United States of Woman

(La Mirada, CA) In an attempt to highly compartmentalize her life, one woman has created multiple personalities… online.

As of time of writing, the woman maintained four Twitter accounts and two Facebook accounts, plus numerous profiles and alternate profiles on various dating and social networking websites.

The reason?

“I’m shy,” the woman responded.

An unsatisfactory answer, Multiple Personality Disorder, now known as Dissociative Identity Disorder, is in fact a mental health disorder where a person becomes disconnected from their thoughts, feelings, memories or sense of identity.  This can result in separate or distinct personalities, each with their own sex, age and race.

And while this is a real disorder, what the woman suffers from appears to be an extreme need for maintaining appearances, and want of privacy.  These are exemplified by her Twitter accounts:

1.  Professional.  Reflecting her professional persona, these tweets mainly consist of re-tweeting work-related news stories and articles as well as those related to state and local government.

“I try and maintain a very particular impression of myself at work,” the woman shared.  “Being promoted so young, I felt extra pressure to present a professional image, separate from my personal life.”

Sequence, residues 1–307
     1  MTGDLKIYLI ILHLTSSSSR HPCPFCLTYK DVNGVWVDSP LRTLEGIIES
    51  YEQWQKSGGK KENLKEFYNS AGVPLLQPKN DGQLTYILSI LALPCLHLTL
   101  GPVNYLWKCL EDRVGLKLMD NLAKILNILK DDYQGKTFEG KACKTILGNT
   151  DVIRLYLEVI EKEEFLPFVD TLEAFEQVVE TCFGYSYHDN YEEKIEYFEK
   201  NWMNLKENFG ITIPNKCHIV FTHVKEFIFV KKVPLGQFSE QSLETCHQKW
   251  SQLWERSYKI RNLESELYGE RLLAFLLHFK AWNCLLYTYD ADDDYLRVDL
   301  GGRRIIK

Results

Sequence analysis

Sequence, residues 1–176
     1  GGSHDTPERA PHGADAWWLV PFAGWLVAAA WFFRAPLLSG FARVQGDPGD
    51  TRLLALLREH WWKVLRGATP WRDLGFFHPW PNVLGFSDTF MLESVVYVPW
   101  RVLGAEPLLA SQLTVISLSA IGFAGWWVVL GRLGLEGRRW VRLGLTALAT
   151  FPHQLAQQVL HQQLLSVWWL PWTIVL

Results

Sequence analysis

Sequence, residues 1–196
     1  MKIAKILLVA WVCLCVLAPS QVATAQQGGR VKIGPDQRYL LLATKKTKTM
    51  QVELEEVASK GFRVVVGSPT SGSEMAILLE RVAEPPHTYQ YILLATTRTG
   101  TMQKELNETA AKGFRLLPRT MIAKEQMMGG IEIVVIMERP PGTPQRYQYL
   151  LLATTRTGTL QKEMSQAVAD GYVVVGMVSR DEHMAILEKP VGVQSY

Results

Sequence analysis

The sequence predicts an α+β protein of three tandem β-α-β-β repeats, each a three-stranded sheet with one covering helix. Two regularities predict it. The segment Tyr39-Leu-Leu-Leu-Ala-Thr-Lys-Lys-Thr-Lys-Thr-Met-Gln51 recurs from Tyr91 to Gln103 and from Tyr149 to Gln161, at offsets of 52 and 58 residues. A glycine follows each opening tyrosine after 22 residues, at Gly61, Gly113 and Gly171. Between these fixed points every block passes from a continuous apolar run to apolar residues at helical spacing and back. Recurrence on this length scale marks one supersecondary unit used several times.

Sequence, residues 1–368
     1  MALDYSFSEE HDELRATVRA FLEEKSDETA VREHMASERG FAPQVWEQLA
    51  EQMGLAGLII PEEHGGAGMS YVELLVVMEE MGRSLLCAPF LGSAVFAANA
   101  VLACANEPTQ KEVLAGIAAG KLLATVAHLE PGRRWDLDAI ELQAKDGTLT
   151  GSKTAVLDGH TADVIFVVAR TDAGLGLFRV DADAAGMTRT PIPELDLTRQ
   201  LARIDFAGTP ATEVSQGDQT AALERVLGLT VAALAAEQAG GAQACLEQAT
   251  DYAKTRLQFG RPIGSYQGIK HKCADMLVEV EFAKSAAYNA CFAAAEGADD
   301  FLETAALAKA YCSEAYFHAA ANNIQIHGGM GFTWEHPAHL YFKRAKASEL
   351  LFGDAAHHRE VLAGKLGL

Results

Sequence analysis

“I leave out all the sarcasm, and hence humor in my opinion, from these tweets.”

2.  Personal.  Her personal, and primary, account reflects her truest feelings and thoughts on a variety of topics.

“Even more than Facebook posts, I find myself being honest with this [Twitter] account,” the woman confided.  “It helps that I have a handful of friends as followers rather than the hundreds of ‘friends,’ some of whom are colleagues, on Facebook.”

This is also a private account, which serves her well.  That is, except on the occasion she gets fired up and wants to respond to someone not following her.

3.  Blog.  Under the safe guise of her online writing persona, these tweets provide links to her published stories as well as reflect concerted efforts at wit and humor.

“I try and be particularly funny with these tweets,” the woman admitted, “without the risk of exposing my identity if I fail miserably.”

“Which I never do, of course.”

4.  Public at Large.  Least used, this account comes in handy for public tweeting in hashtag contests, about products, etc.

“I received one reply from AARP and was SO excited,” the woman shared.  “Since then, meh…”

With increasing concern that there is too much personal information accessible online, the woman feels justified with the multiple layers.  But mostly, the woman just wants to keep these parts of her life separate.

Except when there is a comedic punch.  The line between these personalities will blur when one persona re-tweets or comments on another persona’s Facebook status.

“Who doesn’t want to manage their image… be a better version of themselves?  And if I can do it while making people laugh?”

“Sure, I’m in.”

(Image Source)


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